This critter happens to be an Arctic fox in summer colours.

There's even history in one of these photographs. This marker is the final resting place for a member of the ill fated Franklin Expedition. The two ships of that expedition, the Erebus and the Terror, sunken in Arctic waters, are now a national historic site, overseen by Parks Canada.

Saturday, February 24, 2018

At City Hall

City Hall has been the site of some Winterlude events, here in the plaza in front of the newer wing and the provincial courthouse. That includes inflatable versions of the festival's mascots, the Ice Hogs (groundhogs, in this case).

On the day I took these shots, the Ice Hogs themselves were strolling about. There are four of them in total, escorted about by volunteers during the festival from site to site. I saw them on numerous occasions throughout the festival.

The skating rink at City Hall is popular. It opens in December and might well stay open deep into March, providing a skating place when the Canal is not available. I caught it first at night, with skaters on the surface. The new wing of City Hall and the drill hall occupying Cartier Square provide the backdrop for these shots.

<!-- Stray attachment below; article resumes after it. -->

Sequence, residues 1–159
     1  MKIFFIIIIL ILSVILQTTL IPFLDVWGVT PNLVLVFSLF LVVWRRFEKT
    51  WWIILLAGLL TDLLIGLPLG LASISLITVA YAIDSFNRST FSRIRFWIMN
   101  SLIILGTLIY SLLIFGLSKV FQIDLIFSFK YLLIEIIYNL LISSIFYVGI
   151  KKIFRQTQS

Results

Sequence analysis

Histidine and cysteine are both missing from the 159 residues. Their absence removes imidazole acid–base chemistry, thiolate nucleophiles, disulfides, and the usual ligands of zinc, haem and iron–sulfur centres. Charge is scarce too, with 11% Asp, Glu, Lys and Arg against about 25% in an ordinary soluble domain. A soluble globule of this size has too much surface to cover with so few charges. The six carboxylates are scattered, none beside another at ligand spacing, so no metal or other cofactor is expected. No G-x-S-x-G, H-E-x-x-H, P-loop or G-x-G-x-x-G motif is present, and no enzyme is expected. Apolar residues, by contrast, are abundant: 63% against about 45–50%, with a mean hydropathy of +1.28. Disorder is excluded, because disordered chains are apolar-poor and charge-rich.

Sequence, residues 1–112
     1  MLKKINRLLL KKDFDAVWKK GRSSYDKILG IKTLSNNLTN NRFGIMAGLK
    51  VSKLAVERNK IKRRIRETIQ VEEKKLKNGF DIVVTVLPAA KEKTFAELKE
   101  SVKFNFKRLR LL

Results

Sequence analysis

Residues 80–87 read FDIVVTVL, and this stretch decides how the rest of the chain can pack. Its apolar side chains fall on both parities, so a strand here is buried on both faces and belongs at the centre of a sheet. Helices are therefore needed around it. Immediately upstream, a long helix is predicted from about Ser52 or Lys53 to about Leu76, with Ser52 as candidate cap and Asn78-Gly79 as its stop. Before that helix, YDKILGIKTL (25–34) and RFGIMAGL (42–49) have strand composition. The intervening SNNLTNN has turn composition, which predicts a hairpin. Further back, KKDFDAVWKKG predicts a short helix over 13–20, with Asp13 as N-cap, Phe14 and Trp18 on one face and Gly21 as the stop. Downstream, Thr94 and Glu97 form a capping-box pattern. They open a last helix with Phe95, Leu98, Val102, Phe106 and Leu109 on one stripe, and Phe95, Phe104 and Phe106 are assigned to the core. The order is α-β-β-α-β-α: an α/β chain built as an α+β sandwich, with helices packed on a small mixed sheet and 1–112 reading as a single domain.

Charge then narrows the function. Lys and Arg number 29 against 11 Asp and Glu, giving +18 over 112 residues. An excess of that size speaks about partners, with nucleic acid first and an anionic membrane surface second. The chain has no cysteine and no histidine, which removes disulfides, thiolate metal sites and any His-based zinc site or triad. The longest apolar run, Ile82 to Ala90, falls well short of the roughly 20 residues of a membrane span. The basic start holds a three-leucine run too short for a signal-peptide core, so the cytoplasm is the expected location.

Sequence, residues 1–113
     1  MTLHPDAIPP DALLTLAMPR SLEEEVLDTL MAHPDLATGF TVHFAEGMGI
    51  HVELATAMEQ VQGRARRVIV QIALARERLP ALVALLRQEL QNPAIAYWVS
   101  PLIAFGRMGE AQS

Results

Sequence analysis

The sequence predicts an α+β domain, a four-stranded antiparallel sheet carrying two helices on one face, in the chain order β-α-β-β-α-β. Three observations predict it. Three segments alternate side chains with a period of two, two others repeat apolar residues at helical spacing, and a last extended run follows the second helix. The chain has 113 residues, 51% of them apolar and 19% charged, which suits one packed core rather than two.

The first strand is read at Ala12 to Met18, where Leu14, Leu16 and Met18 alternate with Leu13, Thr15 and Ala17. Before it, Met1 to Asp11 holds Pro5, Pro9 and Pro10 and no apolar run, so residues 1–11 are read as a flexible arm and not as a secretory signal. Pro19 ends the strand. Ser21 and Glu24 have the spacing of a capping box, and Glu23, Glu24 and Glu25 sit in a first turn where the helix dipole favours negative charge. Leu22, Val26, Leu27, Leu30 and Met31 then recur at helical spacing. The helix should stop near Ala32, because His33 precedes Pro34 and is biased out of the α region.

During Winterlude, aside from regular skating, the rink also held events and demonstrations, like a shinny game between NHL alumni, or figure skating. These are young skaters with the Minto Skating Club in the midst of a demonstration skate.

Friday, February 23, 2018


As noted in the comments for yesterday's post, the Rideau Canal is now closed for the skating season, though I will have more shots from here before I'm done with the Winterlude series. I left off yesterday with a view at two bridges along the skateway. Turning around, this was the view in the opposite direction. The Canal is in the first part of a final curve at this place. Up ahead is the University of Ottawa; some of its buildings feature in the second shot.

On the other side of the curve, we get a view looking down the last stretch of the Canal. The bridge you see here was opened in 2006, linking the university's campus on the right with the downtown core on the left. It is the Corktown Bridge, a gracefully designed pedestrian bridge that sees a good deal of use each day. The name is a nod to the many Irish immigrants and their families, who came to work on building the Rideau Canal nearly two hundred years ago, and built a life here afterwards.

Here we have a view looking south from on the bridge itself. This bridge has become infested with those obnoxious, pointless, irritating love locks. 

This is the view looking north. In the mist and snow, the Laurier Avenue Bridge can be made out, as well as the ghostly outline of the Chateau Laurier.